In this light, Kant continues, “if we consider the very same actions [drawn from appearances as effect] in relation to reason…insofar as reason is the cause of producing them by themselves—in a word, if we compare them with reason in a practical respect—then we find a rule and order that is entirely other than the natural order. For perhaps everything that has happened in the course of nature, and on empirical grounds inevitably had to happen, nevertheless ought not to have happened” [cpr A550/B578]. The demonstration of a practical reason whose causality exerts itself independently of theoretical reason points here to a reason whose practical freedom exhibits itself in relation to events in the phenomenal realm as rational criticism. The operative function here is not in the first instance the “ought” of the moral law; rather, it is the “ought not” of a critique of action in real time. This “ought not” is quite consistent with Kant’s claim later in the first Critique that reason’s claim “has no dictatorial authority” but rests on the “agreement of free citizens, each of whom must be able to express his reservations, indeed even his veto, without holding back” [cpr A738–9/B766–7]. In both passages, Kant suggests a practical—and even nascently political—orientation to freedom in the world of experience that begins with a practical intuition of injustice rather than a priori knowledge of ideal justice. Moreover, it points to a process of observation and critique that has its basis not in pure introspective reason but in pragmatic exchanges between persons. At the very least, the process of gaining insight that an action has happened that nevertheless ought not to have happened must presuppose that the actor and the criticizing observer coexist in a space of possible interaction with one another.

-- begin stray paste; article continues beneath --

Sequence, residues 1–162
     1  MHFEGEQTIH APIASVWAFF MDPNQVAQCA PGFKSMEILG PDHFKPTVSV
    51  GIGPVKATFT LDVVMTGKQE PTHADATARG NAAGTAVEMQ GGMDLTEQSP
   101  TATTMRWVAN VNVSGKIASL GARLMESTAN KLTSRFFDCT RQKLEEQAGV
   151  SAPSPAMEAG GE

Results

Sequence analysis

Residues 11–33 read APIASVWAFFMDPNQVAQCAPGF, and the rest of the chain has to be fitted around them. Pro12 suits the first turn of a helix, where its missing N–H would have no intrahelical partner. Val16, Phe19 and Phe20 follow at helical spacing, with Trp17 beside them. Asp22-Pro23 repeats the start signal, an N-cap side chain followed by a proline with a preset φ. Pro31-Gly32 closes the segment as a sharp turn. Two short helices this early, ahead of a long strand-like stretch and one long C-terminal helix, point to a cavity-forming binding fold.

But Kant has a more ambitious aim. Just before entertaining the power of reason to deem that what “has happened…nevertheless ought not to have happened,” he muses of a power of reason that “does not give in to those grounds that are empirically given…but with complete spontaneity it makes its own order according to ideas, to which it fits the empirical conditions and according to which it even declares actions to be necessary that yet have not occurred and perhaps will not occur, nevertheless presupposing of all such actions that reason could have causality in relation to them; for without that, it would not expect its ideas to have effects in experience” [cpr A548/B576]. At first glance, this may not look too different from the above: the prescriptive phrasing of “what ought to happen, even though perhaps it never does happen” [cpr A802/B830] seems to be a mere flip-side of the critical phrasing that something had indeed happened that nevertheless ought not to have happened. But the two notions are crucially asymmetric, for while the critical phrasing presupposes something in the phenomenal world (that “on empirical grounds inevitably had to happen”) as the basis for judgment, only the prescriptive phrasing allows the further step of positing the idea of “pure practical laws…whose end is given by reason completely a priori, and which do not command under empirical conditions but absolutely, [and thus] would be products of pure reason” [cpr A800/B828]. This idea, of course, anticipates the formulations of moral law in the Groundwork and the Critique of Practical Reason for which Kant is most renowned, which is also paralleled in the Doctrine of Right as a system of laws of external freedom that can be known a priori, prior to all experience. The critical phrasing, meanwhile, displays a greater affinity with the reflective uses of freedom most closely associated with “What Is Enlightenment?” and the Critique of the Power of Judgment. It provides the ground for “political” critique, one that is no less oriented to the ideal of maximal freedom as the recursive condition of normativity but which embeds the noumenal moment of practical freedom within the train of phenomenal experience. These two ways of formulating the practical powers of reason first part ways here. The first question for us is: Which one is in play in Kant’s political theory and cosmopolitanism?